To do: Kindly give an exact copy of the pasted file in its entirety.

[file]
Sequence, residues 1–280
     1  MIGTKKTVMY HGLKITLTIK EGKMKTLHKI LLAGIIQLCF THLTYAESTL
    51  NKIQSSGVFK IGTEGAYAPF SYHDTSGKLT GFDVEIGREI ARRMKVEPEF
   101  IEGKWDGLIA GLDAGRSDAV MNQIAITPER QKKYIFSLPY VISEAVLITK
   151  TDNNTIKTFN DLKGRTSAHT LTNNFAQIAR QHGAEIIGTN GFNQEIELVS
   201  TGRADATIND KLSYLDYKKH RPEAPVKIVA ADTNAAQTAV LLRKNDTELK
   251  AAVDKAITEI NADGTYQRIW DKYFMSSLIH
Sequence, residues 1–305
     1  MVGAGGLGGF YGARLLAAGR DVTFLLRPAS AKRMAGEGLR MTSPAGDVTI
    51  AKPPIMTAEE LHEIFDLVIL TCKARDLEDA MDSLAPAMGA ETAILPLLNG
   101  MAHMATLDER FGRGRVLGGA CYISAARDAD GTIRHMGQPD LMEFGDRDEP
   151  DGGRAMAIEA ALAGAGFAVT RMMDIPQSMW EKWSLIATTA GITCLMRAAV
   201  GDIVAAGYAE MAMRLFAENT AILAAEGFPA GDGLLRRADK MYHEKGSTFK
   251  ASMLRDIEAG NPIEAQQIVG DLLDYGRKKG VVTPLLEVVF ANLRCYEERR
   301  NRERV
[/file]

Sequence, residues 1–280
     1  MIGTKKTVMY HGLKITLTIK EGKMKTLHKI LLAGIIQLCF THLTYAESTL
    51  NKIQSSGVFK IGTEGAYAPF SYHDTSGKLT GFDVEIGREI ARRMKVEPEF
   101  IEGKWDGLIA GLDAGRSDAV MNQIAITPER QKKYIFSLPY VISEAVLITK
   151  TDNNTIKTFN DLKGRTSAHT LTNNFAQIAR QHGAEIIGTN GFNQEIELVS
   201  TGRADATIND KLSYLDYKKH RPEAPVKIVA ADTNAAQTAV LLRKNDTELK
   251  AAVDKAITEI NADGTYQRIW DKYFMSSLIH
Sequence, residues 1–305
     1  MVGAGGLGGF YGARLLAAGR DVTFLLRPAS AKRMAGEGLR MTSPAGDVTI
    51  AKPPIMTAEE LHEIFDLVIL TCKARDLEDA MDSLAPAMGA ETAILPLLNG
   101  MAHMATLDER FGRGRVLGGA CYISAARDAD GTIRHMGQPD LMEFGDRDEP
   151  DGGRAMAIEA ALAGAGFAVT RMMDIPQSMW EKWSLIATTA GITCLMRAAV
   201  GDIVAAGYAE MAMRLFAENT AILAAEGFPA GDGLLRRADK MYHEKGSTFK
   251  ASMLRDIEAG NPIEAQQIVG DLLDYGRKKG VVTPLLEVVF ANLRCYEERR
   301  NRERV